15-16 May 2012 Euclid Mission Meeting (Copenhagen)
Oct 2011 Euclid selected for implementation

 

 

In the spotlight: Andrea Zacchei

January 2018

 

Andrea Zacchei is the Euclid Science Ground Segment Manager

 

Why did you join the Euclid team ?

I worked as LFI Data Processing Manager on Planck (ESA Mission) for 15 years and this gave me the possibility to acquire a lot of experience in space based programs. 
As soon as Fabio Pasian, former ECSGSM, for personal reasons, decided to resign I was appointed to cover his role. At that time (more than three years ago) I was not so happy as the workload on Planck was not yet finished and the one on Euclid was growing fast. BUT now I'm very excited to see how this project is evolving.

 

What do you see as the biggest challenge in Euclid ?

Due to the enormous amount of data that Euclid will use, the analysis will not be centralized. This means that we have to develop an infrastructure (Infrastructure Abstraction Layer, Data Transfer System, Archive System, Processing Coordinator, etc ...) able to allow the pipeline to be run on different Science Data Centers that will use a different hardware. Let me say that from the technical point of view this is very challenging and is going in the direction of a cloud system.
 

What are your expectations with Euclid ?

Planck provided us the most detailed image of the Universe immediately after the inflationary period. With Euclid I'm expecting to learn how the Universe evolved and the role of Dark Matter and Dark Energy.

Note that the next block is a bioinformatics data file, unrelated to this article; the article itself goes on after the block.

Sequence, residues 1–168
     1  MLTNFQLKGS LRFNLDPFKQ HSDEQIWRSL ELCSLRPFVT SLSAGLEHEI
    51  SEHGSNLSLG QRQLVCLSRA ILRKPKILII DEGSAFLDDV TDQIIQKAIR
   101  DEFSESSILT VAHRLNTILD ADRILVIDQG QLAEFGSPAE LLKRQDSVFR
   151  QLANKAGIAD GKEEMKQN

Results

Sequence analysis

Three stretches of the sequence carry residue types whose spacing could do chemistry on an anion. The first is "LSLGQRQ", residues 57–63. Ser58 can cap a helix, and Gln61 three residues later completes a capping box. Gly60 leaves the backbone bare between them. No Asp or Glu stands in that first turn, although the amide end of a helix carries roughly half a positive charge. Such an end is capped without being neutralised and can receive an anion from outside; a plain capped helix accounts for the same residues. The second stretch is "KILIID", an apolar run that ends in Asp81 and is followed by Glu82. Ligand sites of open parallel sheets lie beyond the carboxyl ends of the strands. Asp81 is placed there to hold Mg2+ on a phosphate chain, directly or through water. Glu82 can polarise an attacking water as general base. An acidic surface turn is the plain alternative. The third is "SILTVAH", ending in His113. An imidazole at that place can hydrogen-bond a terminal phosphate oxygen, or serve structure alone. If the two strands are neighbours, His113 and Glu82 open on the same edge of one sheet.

In few words try to understand better our Universe and this is simply the MAIN question.

If you had to define your work within Euclid with one word, what would it be ?

ONE WORD--> Networking
Talking to people, sending e-mails, attending telecons with some intelligent things to say... 
Managing the entire ECSGS where 15 countries are represented with more than 50 institutes participating is very complex, and the work required by the Project Office to organize it is huge. 
I think in any case that the project is going very well and this is because all people involved are excited by the scientific scope, so they dedicate to the project more than 100%.

IN THE PICTURE 2016-12-22

 

ESTEC - 22 Dec 2016 - A very important and essential part of the instrument specification is the on-ground characterisation of the flight detectors. The VIS and NISP instrument teams have built facilities at MSSL and CPPM, respectively, to carry out the characterisation tests for all detector units. The tests will take a significant amount of effort and time in 2017, considering the selection of the required amount of 16 H2RG and 36 CCD flight devices. This is mitigated by testing two or more devices in parallel using more than one cryostat. The first flight CCDs will be delivered to MSSL for characterisation by the end of 2016, the first NIR sensor systems for flight will arrive at CPPM in March 2017. Photo: Magdalena Szafraniec preparing the CCD testing facility in MSSL.